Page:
Amanda Edmiston Storyteller, Artist and Writer

Botanica Fabula



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Gin Maker, Spell Breaker...

Posted on 5 October, 2017 at 14:30 Comments comments (0)

My mother, she killed me,

My father, he ate me,

My sister Marlene,

Gathered all my bones,

Tied them in a silken scarf,

Laid them beneath the juniper tree,

Tweet, tweet, what a beautiful bird am I.

The Grimm brother’s classic ‘The Juniper Tree’ is a story that makes even the least sentimental of souls shudder and look as if they have a nasty taste in their mouth. It centres around a gruesome dark tale of infanticide, cannibalism and jealousy…but I have told it, I’ve shared it albeit to a very carefully chosen, adult group, with added conversation about the role the more horrific stories have in giving us a safe place to look at our most hidden fears and the magnified maybe skewed symbolism which bloats the piece.

I ask people to remember the time induced change in the way we value our children and appreciate other people’s and reflect on the fact that this story predates modern contraception.

It comes from a time of short lives and an entirely different approach to the turmoil and shivering nightmares of post-natal depression.

It comes from a time when Juniper: diuretic, gin berry, demon chaser, spell breaker was also prized the world over as an effective abortificant.

I’ve been told tales of it’s use by women from India and Turkey, the Highlands of Scotland and the Navajo nation, it’s something women got told even 40 years ago, quietly by their Aunties their mothers, their sisters.

It’s the lurking truth behind the simmering horror in that story.

The reality of mother’s ruin.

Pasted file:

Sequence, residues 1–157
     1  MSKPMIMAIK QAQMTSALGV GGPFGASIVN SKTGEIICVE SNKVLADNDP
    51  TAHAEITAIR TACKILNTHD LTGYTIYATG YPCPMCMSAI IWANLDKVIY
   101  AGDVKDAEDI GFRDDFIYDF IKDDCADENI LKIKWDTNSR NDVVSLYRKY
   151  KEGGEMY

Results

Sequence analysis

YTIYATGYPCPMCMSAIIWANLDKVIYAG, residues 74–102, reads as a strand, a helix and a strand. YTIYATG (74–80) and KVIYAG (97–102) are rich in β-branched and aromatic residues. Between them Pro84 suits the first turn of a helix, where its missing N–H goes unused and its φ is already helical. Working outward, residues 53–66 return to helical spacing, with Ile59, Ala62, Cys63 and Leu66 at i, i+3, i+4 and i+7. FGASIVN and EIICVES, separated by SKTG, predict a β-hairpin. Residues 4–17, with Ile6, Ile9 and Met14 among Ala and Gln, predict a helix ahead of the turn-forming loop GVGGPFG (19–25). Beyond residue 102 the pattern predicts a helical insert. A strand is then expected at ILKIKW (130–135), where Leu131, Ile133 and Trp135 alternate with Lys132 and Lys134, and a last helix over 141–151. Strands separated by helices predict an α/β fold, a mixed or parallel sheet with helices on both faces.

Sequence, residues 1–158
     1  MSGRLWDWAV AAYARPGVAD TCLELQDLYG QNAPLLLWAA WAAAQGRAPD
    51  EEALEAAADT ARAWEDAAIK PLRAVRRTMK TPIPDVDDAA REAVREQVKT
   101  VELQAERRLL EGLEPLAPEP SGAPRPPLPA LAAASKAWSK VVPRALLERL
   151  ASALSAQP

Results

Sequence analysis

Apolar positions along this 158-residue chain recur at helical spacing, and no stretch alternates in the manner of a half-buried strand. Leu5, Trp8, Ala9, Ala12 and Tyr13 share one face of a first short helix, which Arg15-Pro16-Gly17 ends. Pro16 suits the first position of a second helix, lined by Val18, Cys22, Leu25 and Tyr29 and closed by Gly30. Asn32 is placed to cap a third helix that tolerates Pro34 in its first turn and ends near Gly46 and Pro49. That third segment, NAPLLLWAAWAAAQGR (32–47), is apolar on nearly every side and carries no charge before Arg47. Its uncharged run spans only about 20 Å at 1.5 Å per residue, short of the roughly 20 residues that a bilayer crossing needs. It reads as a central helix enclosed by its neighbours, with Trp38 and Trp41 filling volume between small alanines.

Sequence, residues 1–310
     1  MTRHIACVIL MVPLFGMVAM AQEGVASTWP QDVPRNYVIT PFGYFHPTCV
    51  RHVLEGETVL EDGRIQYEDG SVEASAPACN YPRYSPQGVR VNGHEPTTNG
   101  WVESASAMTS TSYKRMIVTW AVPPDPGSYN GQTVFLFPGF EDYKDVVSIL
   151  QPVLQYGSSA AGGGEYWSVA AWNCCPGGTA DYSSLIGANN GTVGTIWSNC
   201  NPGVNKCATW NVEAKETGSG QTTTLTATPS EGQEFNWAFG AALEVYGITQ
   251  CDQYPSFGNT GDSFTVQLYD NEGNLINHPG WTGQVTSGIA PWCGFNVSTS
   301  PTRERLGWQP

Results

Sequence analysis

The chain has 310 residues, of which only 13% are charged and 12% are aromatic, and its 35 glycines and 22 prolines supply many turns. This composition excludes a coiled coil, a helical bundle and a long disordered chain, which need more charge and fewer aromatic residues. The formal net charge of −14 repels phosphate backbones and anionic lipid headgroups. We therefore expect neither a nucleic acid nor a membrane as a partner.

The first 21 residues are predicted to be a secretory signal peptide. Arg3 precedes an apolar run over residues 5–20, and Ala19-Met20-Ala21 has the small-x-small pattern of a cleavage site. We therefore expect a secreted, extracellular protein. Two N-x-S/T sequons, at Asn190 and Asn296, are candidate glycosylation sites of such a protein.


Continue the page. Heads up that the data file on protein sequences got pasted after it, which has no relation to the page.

The factual seed that grew to the urban myth of gin in the bath.

But this medicine turned mythology, is merely the popular edge of the Spell breaker.

Juniper, now becoming rarer maybe due in a small part to our reduced need for physical spell dispersers, now we can explain the mechanics of so much magic, now we’ve tamed the demons, the moorlands and the woods, now we have no need to plant Juniper at our doors to give miscreant ill intentioned witches something to count before they can invade our homes…

Having spent so long quietly saving us in so many ways, this shrub needs us to save it.

After all Juniper’s actual role in our stories and our folklore (despite it’s association with some of the more controversial aspects of human nature: our fascination with intoxication, our desires, our needs to control our body and our environment, whether due to real or perceived threats to our survival) is one of protection and that works best as a reciprocal arrangement!

The protection Juniper offers is not always hard to stomach either.

One of my favourite stories for really tiny children is a traditional one where a Juniper tree and a Pine tree offer to protect a young bird incapable of following it’s family on the essential winter migratory path. It’s beautiful full of gentle facts, and morsels of morality, but delivered in a charming little gem of a tale. I’m planning on releasing it as a Christmas present Mp3, so do subscribe to updates and pop back next month if you and your children would like a listen.

In Scottish folklore it’s role was one of a demon chaser it’s smoke was said to purify the air, chase real and imagined fronds of evil and that’s the story that led me to write this, a little peek into a historical world tangled with literature, feeding on folklore, that’s slowly growing:

On Rosemary and Juniper Amanda Edmiston 2015

Mara had only the barest memory of the sea, she remembered her mother’s lullabies lilting softly in time to the echo of the waves, the intermittent shriek of the gulls, the percussive shingle unsettled by the tides moon struck nuances, but she wanted to remember, wanted to remember now as she held her own child, her shawl wrapped round them both, its blue woolen fibers buffeted by the cold wind as she fled from that which would harm her.

She had tried the ancient traditional purification rituals her mother had taught her, to rid her world of these demons, burnt Rosemary as the Roman’s had done when they came to this shore and Juniper as the highlanders always had, to cleanse the air, but the witches had battled through, they had counted all the leaves on the Juniper bush planted on her threshold and had only been distracted from their mischief for long enough to allow her to gather Violets for her child’s cough and Rosemary to help her remember the shore she sought and to ward off the plague (like a Queen carrying a Maundy bouquet as she tended the poor) and then she hastily left through the back of the bothy.